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J Natl Cancer Inst. 2008 Feb 6;100(3):199-206. doi: 10.1093/jnci/djm320. Epub 2008 Jan 29.

Surgeon characteristics and receipt of adjuvant radiotherapy in women with breast cancer.

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Department of Medicine and the Herbert Irving Comprehensive Cancer Center, College of Physicians and Surgeons, Columbia University, New York, NY 10032, USA.



Adjuvant radiotherapy following breast conservation surgery (BCS) is considered to be an indicator of quality of care for the majority of women with breast cancer, but many women do not receive adjuvant radiotherapy. We investigated the association of surgeon-related factors with receipt of adjuvant radiotherapy after BCS.


We used the linked Surveillance, Epidemiology and End Results (SEER)-Medicare database to identify women aged 65 years or older with stage I/II breast cancer who were diagnosed between 1991 and 2002 and underwent BCS. We collected demographic and clinical data from SEER and treatment information from Medicare claims data. The American Medical Association Masterfile was used to obtain information on surgeons' characteristics, including sex, medical school location (United States or elsewhere), and type of degree (MD or Doctorate in Osteopathic Medicine [DO]). The associations of patient (age, race, rural vs urban residence, comorbidities, marital status), tumor (hormone receptor status, grade, stage), and surgeon-related factors with receipt of adjuvant radiotherapy were analyzed using Generalized Estimating Equations to control for clustering. All statistical tests were two-sided.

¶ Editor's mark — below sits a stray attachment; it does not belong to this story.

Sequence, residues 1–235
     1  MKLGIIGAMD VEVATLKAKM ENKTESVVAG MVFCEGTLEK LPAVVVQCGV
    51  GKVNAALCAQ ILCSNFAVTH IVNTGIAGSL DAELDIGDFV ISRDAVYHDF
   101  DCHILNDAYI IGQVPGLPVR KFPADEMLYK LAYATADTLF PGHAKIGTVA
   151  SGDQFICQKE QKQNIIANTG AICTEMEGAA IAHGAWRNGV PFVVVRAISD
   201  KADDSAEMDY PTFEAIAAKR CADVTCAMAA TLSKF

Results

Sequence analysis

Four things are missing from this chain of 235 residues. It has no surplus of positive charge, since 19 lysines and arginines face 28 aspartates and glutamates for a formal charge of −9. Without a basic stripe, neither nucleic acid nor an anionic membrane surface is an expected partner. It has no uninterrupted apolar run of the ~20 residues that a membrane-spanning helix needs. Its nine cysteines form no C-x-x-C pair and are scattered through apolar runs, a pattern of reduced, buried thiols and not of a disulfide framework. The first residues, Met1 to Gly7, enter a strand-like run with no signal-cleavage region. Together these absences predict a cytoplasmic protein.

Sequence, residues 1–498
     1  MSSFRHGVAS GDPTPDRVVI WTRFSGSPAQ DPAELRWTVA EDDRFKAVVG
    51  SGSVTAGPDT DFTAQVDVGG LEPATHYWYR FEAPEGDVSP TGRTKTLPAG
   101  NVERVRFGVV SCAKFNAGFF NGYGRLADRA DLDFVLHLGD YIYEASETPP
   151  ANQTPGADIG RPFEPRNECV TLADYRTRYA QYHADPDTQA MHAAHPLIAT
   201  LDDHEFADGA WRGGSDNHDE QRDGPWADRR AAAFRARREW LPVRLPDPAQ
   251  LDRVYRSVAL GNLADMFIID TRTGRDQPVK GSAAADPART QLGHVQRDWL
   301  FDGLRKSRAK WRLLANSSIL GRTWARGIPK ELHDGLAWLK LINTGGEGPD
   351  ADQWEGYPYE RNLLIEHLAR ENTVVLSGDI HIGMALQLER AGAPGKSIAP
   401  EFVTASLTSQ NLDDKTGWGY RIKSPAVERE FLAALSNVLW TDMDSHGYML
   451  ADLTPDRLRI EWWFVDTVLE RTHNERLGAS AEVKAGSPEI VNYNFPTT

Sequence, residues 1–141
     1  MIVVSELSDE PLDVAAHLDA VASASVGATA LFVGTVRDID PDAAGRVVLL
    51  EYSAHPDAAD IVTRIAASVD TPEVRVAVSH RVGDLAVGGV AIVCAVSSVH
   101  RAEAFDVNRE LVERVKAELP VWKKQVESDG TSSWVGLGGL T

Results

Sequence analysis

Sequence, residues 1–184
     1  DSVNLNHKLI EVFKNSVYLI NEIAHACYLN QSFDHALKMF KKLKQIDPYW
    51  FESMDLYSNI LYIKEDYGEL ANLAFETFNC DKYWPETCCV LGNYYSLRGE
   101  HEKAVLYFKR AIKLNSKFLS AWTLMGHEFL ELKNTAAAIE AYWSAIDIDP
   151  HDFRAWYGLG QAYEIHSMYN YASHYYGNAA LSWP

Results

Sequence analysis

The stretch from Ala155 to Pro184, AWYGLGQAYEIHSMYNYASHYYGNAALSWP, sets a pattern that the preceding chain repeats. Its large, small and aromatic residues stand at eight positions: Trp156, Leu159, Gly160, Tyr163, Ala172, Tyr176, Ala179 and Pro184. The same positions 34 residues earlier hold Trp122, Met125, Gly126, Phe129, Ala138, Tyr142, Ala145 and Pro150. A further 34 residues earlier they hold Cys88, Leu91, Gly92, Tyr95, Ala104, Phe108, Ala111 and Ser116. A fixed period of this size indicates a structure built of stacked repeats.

Of 29,760 women in our sample, 22,207 (75%) received radiotherapy. Patients who received adjuvant radiotherapy were younger, had fewer comorbidities, and were more likely to be white, married, from an urban area, and diagnosed in a later year compared with those who did not. They were also more likely to have a surgeon who was female (79% vs 73%), had an MD degree (75% vs 68%), or was US trained (75% vs 70%). The multivariable analysis confirmed the association of radiotherapy with having a surgeon who was female (odds ratio [OR] = 1.13; 95% confidence interval [CI] = 1.06 to 1.27), had an MD degree (OR = 1.55; 95% CI = 1.24 to 1.91), was US trained (OR = 1.12; 95% CI = 1.01 to 1.25), or had more than 15 patients (OR = 1.18; 95% CI = 1.10 to 1.28).


Surgeon characteristics were associated with patients' receipt of adjuvant radiotherapy after BCS after controlling for patient and tumor characteristics, although the individual effect sizes were small for surgeon sex, location of training, and type of medical degree. More research is warranted to confirm the associations to determine whether they reflect surgeon behavior, patient response, or physician-patient interactions.

[Indexed for MEDLINE]

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